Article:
What is the Role of the Manager in the Performance Review Process?

Launch 48 Employee Performance Reviews, Performance Management

Many professionals who come to Sprigg often ask not just for our super amazing and very easy-to-use performance management software but also best practices and processes to get the most out of the review process.

Here’s the low-down on the essential stages of the performance appraisal:

The performance evaluation has several components: orientation/onboarding, training and development, feedback and annual appraisal. We often see in companies that managers involved in the performance evaluation process assume responsibility for all of the evaluation’s steps from beginning to end, starting from the employee’s first day on the job until the annual performance appraisal.

That said, we’ve also noticed a big culture shift within SMBs using collaborative tools such as Sprigg which has meant greater opportunity for multi-level and multi-departmental involvement through 360 degree reviews, constant feedback and cross-disciplinary projects.

Performance Reviews: The Major Steps

Performance Management

Managing your employees, helping to develop their skill sets and growing their productivity in a meaningful way is no easy task! Fortunately there are some excellent tools available today to make it all a lot easier. We are, of course, a little biased here at Sprigg and would love to tell you more about how our tools can help with the end-to-end talent management process.

Orientation

It sounds pretty basic but we’ve seen time and again that Managers get the following wrong! Simply put, managers should provide each new employee with a copy of their specific job description.

Ideally, candidates get a copy of their job description during the recruitment and selection process. A manager’s primary role is to provide new employees as well as seasoned employees with the tools necessary to perform their job functions. Identifying key KPIs sets the stage for ongoing performance evaluation and ensures accountability within the workforce.

Managers also are responsible for workforce planning as it relates to performance evaluation – workforce planning matches the right job assignments and tasks with employee skills, qualifications and interests.

Training

We believe that an enormously important part of the performance evaluation process includes employee training and development, which are within the purview of a HR and management role.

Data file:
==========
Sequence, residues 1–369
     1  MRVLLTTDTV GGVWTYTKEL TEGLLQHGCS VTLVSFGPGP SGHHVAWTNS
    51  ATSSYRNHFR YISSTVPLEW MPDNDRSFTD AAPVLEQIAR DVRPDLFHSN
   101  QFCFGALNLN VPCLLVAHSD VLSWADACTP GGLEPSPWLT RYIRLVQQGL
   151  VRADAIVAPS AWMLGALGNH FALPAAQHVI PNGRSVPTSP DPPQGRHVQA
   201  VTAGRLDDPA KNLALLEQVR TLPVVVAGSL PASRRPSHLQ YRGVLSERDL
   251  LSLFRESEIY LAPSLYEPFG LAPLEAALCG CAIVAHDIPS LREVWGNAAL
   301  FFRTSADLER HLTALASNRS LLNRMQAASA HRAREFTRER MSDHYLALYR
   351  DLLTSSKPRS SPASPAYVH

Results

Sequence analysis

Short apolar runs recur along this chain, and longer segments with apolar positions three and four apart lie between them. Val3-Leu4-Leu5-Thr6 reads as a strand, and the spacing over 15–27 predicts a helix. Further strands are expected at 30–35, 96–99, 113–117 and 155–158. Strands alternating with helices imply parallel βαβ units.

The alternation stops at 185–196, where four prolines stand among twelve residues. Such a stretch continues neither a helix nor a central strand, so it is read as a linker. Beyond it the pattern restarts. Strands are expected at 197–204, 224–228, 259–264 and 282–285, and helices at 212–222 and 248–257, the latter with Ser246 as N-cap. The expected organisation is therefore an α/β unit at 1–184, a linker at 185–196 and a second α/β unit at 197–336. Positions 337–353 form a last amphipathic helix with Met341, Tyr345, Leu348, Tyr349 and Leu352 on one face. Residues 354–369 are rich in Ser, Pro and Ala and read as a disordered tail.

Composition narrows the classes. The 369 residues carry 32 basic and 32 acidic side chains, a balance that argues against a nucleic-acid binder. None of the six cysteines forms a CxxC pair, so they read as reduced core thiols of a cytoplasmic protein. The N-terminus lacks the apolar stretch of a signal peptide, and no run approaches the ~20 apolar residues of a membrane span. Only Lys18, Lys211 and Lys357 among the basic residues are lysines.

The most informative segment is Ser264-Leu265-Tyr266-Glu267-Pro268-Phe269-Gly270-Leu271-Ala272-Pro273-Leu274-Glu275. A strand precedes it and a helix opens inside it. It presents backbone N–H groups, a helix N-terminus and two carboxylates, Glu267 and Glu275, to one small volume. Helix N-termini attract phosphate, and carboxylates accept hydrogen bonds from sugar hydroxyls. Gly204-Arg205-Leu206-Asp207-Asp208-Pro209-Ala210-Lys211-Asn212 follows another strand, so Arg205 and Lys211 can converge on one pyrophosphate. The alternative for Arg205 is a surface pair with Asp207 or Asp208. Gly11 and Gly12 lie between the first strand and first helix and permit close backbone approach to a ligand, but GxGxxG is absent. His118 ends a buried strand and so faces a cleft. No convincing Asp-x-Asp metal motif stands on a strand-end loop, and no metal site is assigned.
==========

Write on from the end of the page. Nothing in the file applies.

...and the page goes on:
Although managers may use the talent of experienced, long-term employees to assist with skills training, the ultimate responsibility for training rests on the shoulders of the department manager. In addition to developing the skills and capabilities of their employees, managers identify employees who have high potential. Such employees are distinguishable from high performing employees. Managers use their own skills and talent to select employees who demonstrate aptitude and promise.
Feedback

Managers are responsible for providing employees with constructive feedback on a regular basis.

Throughout the evaluation period, managers give their employees ongoing support, feedback and counseling on performance issues and, when necessary, disciplinary and corrective action. When employee performance suffers, managers are the first ones to observe the decline. It’s their responsibility to address performance issues and determine whether an employee needs skills training or corrective action to return her to an acceptable performance level.

Appraisal

The culminating stage in the performance review is the actual performance appraisal. Managers complete leadership training that enables them to understand the importance of performance management and evaluation, as well as how to prepare for and conduct an annual performance appraisal. Preparing for an appraisal requires that managers know how to rate employees; their duty is to rate employees according to the company’s expectations and its performance standards. Therefore, a manager’s role includes observation and assessment. It’s up to the manager to conduct an appraisal meeting that employees look forward to and one that encourages employees to achieve their goals year after year.

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